Fiberglass pipe insulation, when fitted correctly, can help to make a piping system more energy-efficient and prolong the life of your water heater as well as the plumbing system itself. Installing fiberglass insulation is a simple DIY project that can be accomplished with a few basic tools and some attention to detail.
Decide Adhesive Type
Fiberglass pipe insulation comes with two types of adhesive, either single-back or double-back. Both have a layer of paper on the outside that you simply pull away when fitting it to the pipe. Single-back adhesive simply attaches to the pipe, and a double-back adhesive has two bands of adhesive that stick to each other when the insulation is fitted over the pipe. Many DIY'ers find the single-back insulation easier to work with, but either will work for this project.
Cut Insulation to Fit
First, measure the length of the pipe you are insulating and cut a length of fiberglass insulation to match. Note any valves or T pipes branching off from the main pipe since you will need to cut holes for them in the correct spots on the insulation. Measure any vertical pipe leading to your horizontal pipe if this applies, then cut a second length of fiberglass insulation to fit this section as well.
Cut Valve Holes
Hold the horizontal length of insulation against the pipe section and mark where you will cut out the sections to be fitted over valves or smaller T sections of pipe. You can use either a marking pen or you can simply make small slits in the insulation where these areas will be. Use a utility knife at least 5 to 6 inches long; an old kitchen fillet knife that has been sharpened also cuts fiberglass insulation quite well. Cut holes large enough to fit, then cut slits from them in the paper backing so that you can get the insulation around the valves and T pipes.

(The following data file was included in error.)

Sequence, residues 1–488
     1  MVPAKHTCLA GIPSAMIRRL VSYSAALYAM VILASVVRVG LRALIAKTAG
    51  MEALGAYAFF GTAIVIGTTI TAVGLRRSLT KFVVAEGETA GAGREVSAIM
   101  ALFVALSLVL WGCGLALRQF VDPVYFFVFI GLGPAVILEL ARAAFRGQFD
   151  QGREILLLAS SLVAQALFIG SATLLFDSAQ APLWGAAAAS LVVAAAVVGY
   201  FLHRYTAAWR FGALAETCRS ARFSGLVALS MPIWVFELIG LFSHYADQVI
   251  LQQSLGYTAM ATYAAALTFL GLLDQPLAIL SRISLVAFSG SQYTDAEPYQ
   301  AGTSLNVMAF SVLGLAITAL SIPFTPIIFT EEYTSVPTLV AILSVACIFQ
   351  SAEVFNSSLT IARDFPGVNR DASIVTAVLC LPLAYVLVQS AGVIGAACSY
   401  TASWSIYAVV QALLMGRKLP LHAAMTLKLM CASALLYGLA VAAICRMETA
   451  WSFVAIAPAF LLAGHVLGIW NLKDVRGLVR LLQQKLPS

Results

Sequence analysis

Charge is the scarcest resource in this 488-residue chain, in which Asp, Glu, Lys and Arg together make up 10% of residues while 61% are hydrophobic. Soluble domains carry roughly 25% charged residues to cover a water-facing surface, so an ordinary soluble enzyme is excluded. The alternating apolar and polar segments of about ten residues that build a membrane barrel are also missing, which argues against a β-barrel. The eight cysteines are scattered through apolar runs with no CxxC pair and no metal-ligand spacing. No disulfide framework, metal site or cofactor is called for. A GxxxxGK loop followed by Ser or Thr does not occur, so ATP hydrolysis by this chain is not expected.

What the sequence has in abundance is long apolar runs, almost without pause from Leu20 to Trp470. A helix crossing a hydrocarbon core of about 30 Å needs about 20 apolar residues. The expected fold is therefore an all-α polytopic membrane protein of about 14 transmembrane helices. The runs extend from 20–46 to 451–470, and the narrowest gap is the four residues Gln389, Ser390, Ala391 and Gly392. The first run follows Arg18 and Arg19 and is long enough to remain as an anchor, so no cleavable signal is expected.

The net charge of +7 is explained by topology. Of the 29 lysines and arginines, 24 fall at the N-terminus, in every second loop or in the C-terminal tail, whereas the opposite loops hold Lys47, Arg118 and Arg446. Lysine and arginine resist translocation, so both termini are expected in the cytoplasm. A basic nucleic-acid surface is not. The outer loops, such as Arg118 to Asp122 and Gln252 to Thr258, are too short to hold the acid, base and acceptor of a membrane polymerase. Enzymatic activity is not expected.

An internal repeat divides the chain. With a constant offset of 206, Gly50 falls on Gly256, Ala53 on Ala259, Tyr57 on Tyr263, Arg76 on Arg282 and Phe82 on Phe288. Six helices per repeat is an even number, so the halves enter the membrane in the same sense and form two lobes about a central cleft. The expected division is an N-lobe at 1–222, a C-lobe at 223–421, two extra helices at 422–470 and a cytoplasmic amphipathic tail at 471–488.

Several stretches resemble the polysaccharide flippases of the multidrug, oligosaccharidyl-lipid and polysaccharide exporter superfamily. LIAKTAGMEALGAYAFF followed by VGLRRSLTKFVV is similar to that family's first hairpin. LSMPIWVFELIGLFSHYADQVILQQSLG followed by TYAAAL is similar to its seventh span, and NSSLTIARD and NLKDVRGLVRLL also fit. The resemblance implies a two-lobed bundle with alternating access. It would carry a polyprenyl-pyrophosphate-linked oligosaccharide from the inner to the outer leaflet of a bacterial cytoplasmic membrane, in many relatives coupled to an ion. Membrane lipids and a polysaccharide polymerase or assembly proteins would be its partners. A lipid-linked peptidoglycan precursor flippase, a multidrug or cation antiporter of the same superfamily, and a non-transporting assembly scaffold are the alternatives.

Cut Out Space Inside Insulation
Once you have cut valve holes in the top of the insulation, you will need to open it and clear some space in the fiberglass so it will fit properly around the valves. Fiberglass insulation sections open into halves; simply find the valve holes and carefully cut away some layers of fiberglass underneath them. Do this a small layer at a time, since it is easier to cut too little than to have cut too much.
Fit Insulation Around Pipe
Work your section of fiberglass insulation around the pipe section with the adhesive strip facing you. Make sure it fits securely, and trim any extra fiberglass around the valves if needed. Peel away the adhesive strip from the paper backing and stick it to the front section of insulation. Pull the adhesive strip gently toward you as you do this, in order to have an even and smooth fit. Be careful not to tear any of the paper backings.